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Tsoknyi Gyatso, 38. Tibetan monk. Lives in McLeodGanj. 

How is your ordinary day like?
Usually I get up around 5 am. Always try to get up little early because I practise Tibetan yoga. I do Surya Namaskars & kapalabhati. Then have breakfast — cheese with Tsampa & milk tea. Most Tibetan people eat Tsampa with sugar cheese and butter, but I don’t like sugar much. Then I listen to news about Tibetan issues. I also try to watch and listen to BBC and CNN to improve my English. Then I do my homework around 9/9.30. Then I chant from the Dharma book and meditate. In daytime I have two French classes and since last week I started going to LHA for conversation class. When I have free time I go to the temple and meditate. During my dinner I chat with my friends in Tibet on WeChat. It was created by the Chinese. Last month Chinese arrested a Tibetan woman because she shared many pictures of His Holiness with her friends and talked about what’s happening in Tibet. So we are just talking about normal stuff: what we are eating, what did you do today, how is the weather. Our conversations on WeChat are meaningless.

Do you believe in reincarnation?
Yes. When I was 25 years old there were many Tibetan children around who remembered everything about their previous lives. They could recognize their previous parents, friends, monasteries, everything. Mind and body are different. Body is like the cloth of mind. When we stop breathing mind goes out to a place between death and birth till it is born again.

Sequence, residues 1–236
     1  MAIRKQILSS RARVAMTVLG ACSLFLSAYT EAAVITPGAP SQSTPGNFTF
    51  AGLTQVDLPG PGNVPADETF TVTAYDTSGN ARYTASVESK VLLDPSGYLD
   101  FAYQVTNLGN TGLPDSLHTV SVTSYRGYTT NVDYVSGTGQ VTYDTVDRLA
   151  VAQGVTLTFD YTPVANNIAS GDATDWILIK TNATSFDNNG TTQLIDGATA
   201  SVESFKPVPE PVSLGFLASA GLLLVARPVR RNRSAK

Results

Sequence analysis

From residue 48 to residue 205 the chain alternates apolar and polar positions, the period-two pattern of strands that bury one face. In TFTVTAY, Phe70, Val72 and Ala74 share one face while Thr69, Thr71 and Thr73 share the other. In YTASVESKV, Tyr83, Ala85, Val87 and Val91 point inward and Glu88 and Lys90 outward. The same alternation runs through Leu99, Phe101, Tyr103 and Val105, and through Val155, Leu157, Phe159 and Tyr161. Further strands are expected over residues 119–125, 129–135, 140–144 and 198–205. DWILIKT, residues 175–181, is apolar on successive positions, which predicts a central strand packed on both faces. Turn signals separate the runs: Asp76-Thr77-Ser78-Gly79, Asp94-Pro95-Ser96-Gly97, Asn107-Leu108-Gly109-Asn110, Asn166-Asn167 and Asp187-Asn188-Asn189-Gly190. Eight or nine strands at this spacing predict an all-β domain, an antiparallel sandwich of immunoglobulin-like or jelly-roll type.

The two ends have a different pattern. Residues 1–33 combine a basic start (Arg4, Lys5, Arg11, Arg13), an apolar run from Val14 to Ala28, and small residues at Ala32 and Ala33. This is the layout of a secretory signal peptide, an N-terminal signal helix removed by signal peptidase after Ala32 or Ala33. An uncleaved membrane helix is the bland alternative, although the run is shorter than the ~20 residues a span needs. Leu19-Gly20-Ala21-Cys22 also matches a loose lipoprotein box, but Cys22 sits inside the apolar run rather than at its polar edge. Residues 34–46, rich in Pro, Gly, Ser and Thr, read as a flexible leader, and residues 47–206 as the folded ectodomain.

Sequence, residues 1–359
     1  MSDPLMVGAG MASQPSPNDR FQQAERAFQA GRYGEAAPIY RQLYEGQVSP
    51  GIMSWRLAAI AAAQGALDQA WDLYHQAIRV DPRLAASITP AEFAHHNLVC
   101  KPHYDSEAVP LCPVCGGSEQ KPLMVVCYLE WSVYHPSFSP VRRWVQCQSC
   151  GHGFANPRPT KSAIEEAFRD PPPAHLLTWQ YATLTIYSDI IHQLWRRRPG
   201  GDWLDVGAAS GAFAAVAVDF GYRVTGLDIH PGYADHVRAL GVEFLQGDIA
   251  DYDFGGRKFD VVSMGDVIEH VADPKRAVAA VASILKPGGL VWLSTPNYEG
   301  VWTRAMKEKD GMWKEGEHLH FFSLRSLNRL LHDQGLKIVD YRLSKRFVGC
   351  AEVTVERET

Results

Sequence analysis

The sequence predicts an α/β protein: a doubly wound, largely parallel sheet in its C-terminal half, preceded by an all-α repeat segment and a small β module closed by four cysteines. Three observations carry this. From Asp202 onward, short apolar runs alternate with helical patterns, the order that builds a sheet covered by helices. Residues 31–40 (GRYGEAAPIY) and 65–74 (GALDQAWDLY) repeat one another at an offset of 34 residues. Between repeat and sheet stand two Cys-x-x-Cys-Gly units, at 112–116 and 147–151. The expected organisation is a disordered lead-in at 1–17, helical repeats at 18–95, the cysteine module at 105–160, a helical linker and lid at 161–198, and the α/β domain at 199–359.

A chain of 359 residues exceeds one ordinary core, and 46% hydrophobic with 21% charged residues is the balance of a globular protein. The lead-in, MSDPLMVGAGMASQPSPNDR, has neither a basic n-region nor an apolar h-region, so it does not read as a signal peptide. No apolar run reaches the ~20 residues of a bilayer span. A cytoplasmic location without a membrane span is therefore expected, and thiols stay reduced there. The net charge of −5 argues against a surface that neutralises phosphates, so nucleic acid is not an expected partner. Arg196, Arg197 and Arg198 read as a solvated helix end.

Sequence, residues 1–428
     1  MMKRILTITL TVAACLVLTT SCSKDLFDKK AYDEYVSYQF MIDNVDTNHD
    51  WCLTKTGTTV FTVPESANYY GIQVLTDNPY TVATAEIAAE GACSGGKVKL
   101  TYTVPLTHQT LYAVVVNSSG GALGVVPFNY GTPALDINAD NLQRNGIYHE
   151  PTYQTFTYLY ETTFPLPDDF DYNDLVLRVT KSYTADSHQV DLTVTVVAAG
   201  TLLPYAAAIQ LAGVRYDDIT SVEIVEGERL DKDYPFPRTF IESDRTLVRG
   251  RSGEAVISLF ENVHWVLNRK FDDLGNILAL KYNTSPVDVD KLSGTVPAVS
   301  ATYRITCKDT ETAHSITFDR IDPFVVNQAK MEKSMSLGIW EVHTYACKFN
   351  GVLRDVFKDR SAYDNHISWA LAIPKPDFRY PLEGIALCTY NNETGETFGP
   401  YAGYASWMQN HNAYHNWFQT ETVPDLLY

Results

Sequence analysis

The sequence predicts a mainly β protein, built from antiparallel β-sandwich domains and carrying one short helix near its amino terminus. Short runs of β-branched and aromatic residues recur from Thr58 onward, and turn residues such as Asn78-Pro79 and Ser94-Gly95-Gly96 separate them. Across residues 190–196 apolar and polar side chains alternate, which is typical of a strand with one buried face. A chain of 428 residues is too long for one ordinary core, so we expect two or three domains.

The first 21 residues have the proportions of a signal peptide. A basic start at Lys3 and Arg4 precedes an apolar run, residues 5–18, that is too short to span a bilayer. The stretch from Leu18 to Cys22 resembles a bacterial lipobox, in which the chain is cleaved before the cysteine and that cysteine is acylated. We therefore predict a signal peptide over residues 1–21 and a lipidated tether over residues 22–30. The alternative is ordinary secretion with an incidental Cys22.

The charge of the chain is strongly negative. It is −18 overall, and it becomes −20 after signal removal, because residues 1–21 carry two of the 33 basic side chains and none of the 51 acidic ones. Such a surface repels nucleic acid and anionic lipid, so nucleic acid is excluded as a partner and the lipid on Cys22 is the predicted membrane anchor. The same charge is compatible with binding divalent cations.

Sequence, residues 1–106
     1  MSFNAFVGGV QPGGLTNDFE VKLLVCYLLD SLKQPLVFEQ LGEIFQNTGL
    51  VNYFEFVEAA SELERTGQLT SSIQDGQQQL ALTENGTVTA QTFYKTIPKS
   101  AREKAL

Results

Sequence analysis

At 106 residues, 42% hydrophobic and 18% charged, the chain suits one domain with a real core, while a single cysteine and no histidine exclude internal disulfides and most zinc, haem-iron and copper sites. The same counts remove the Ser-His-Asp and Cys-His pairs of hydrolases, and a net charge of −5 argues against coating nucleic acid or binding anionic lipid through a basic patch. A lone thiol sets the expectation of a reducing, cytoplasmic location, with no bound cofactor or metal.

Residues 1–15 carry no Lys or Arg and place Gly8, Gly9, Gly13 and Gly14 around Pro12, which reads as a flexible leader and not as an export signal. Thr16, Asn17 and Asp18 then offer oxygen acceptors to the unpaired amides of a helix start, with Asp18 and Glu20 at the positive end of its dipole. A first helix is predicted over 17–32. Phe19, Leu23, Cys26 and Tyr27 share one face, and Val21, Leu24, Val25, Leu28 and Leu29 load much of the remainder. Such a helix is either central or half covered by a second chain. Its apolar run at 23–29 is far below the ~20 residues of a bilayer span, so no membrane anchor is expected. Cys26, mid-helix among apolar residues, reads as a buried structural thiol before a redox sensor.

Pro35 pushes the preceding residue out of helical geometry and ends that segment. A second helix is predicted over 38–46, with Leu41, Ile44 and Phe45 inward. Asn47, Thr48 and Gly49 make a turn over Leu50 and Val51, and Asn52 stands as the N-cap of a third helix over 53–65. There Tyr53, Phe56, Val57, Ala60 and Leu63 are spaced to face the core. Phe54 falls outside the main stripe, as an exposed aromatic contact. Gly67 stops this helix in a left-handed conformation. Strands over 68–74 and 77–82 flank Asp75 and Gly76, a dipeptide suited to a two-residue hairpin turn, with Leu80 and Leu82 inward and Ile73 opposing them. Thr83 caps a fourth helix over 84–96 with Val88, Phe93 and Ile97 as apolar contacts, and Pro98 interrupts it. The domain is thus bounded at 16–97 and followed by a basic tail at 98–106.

How do you define mind?
Mind is the root — the essence of you. Mind is very flexible. If we try we can mould it. Mind is you. Many people believe mind is in heart. Science says it’s here [points to his head]. We are always busy thinking about many things. This makes us sad. Busy meaningless life. We have no contentment. We have to stop thinking and try to keep it silent.

How do you make the mind silent?
[Laughs]. Best way to make mind stable is through meditation. By thinking about emptiness and why I am busy, why I am in this world.

Actually I am not good at doing meditation. I am under three poisons. I am full of ignorance, attachment, and hatred.

What are you attached to?